By Manar and Sharifah Alhinai
Born in New Jersey in 1992 to a Jordanian-American father and a Palestinian-American mother, the United States was the only home that Amani Al-Khatatbeh had ever known. But the events of September 11 forever changed the environment she had lived in. Al-Khatatbeh and her family found themselves ostracised and facing violent attacks for their Islamic beliefs. The young Al-Khatatbeh even tried to conceal her Muslim identity to avoid negative judgement or mistreatment from her counterparts at school. When she was 13 years old, she and her family moved to Jordan, where Al-Khatatbeh fell in love with Islam and her culture, and began to reclaim her Islamic identity by wearing the headscarf.
Following her mother’s illness, however, Al-Khatatbeh moved back to New Jersey, but with an altered perspective. With a newfound pride in her Muslim identity and a frustration at how Muslims were misrepresented in the mainstream media as well as the shortage of Muslim voices within it, Al-Khatatbeh founded muslimgirl.com, a blog that reclaims the narrative of Muslims, especially that of women, in 2009. Muslim Girl has published articles on topics that touch the modern-day woman. They are written by Muslim women, in their own voices, and allows them to speak up for themselves.
The design that Amani Al-Khatatbeh is wearing is the result of a collaboration between her and Adidas. Image courtesy of Muslim Girl.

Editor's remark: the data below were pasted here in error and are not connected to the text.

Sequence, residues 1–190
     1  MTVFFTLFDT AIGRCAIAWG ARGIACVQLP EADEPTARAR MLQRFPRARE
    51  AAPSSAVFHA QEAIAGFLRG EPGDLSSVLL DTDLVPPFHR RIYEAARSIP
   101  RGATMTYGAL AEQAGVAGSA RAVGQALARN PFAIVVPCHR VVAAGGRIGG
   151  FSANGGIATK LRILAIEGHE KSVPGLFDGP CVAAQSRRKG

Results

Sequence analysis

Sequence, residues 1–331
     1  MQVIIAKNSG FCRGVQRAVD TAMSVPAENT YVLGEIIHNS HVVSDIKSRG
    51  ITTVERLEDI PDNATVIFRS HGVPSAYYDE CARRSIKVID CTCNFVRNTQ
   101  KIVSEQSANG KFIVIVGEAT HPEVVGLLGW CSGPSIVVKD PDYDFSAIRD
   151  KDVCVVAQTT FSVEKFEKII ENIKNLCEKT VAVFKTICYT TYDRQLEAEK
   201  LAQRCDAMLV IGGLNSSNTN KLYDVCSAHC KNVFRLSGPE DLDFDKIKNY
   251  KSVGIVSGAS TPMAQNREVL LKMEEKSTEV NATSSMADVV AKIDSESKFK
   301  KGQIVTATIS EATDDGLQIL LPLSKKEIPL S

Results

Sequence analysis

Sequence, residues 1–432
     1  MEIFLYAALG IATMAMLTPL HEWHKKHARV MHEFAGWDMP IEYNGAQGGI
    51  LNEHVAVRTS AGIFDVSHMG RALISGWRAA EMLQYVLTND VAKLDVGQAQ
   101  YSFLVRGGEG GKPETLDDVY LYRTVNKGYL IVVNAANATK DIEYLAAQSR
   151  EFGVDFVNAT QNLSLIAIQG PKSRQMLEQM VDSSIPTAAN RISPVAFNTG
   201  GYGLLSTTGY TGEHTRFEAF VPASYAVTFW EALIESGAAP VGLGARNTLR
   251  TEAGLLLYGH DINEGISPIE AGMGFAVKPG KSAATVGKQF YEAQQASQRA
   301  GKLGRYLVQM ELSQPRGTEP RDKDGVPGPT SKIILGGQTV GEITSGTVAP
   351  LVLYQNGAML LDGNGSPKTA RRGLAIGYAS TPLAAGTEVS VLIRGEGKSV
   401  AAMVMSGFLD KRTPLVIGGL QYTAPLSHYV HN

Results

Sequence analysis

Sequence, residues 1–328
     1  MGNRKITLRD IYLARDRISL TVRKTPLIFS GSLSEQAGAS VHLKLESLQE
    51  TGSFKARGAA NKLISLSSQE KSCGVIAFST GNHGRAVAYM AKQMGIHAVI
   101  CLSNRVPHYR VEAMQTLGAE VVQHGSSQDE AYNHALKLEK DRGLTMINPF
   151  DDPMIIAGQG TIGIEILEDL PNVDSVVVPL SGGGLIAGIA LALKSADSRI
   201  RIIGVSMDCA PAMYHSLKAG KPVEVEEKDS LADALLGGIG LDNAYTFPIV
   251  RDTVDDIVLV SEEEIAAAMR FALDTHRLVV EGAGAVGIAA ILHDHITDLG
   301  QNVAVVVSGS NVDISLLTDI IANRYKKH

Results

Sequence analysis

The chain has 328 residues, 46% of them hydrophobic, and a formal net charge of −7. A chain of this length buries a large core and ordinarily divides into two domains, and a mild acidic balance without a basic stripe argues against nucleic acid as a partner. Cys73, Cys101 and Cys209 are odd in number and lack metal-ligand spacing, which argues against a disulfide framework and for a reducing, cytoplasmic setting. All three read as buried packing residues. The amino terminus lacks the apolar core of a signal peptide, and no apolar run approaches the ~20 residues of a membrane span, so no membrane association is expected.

Today, more than a decade after Al-Khatabeh established it in her bedroom at 17 years old, Muslim Girl is a media company with content that has been consumed by millions worldwide, and Al-Khatatbeh herself has become known as a formidable force. In addition to establishing a successful media platform, she authored Muslim Girl: Coming of Age, which was listed in the Forbes 30 Under 30 List. Al-Khatatbeh was later named one of the 25 most influential Muslim Americans by CNN. In 2017, Al-Khatabeh founded Muslim Women’s Day in an effort to celebrate and uplift Muslim women, who were increasingly facing attacks at the time. The occasion is annually marked on March 27.
In this interview, the 30-year-old discusses what it means to be a third culture kid and how it shaped her journey, reflects on the past and future of Muslim Girl and provides us with insight into her upcoming project.
How did your experiences as a third culture kid shape your career path? Do you think you would have chosen a different career path if you hadn’t been one?
AA: I feel like my whole career is a reaction to being a third culture kid. My dad immigrated to the U.S. in the 80’s, and was not far off from his Jordanian culture when he started raising a family. My mum is a Palestinian refugee, the daughter of Nakba survivors — she grew up in America and was a mall kid rocking a Farah Fawcett haircut in the 80’s. I was the first born and raised in the U.S. and grew up with one foot in two doors. September 11 happened very early on in my childhood, and suddenly, I became an outsider in the only home I’ve ever known. The Internet became the space I turned to for the community I didn’t have in real life.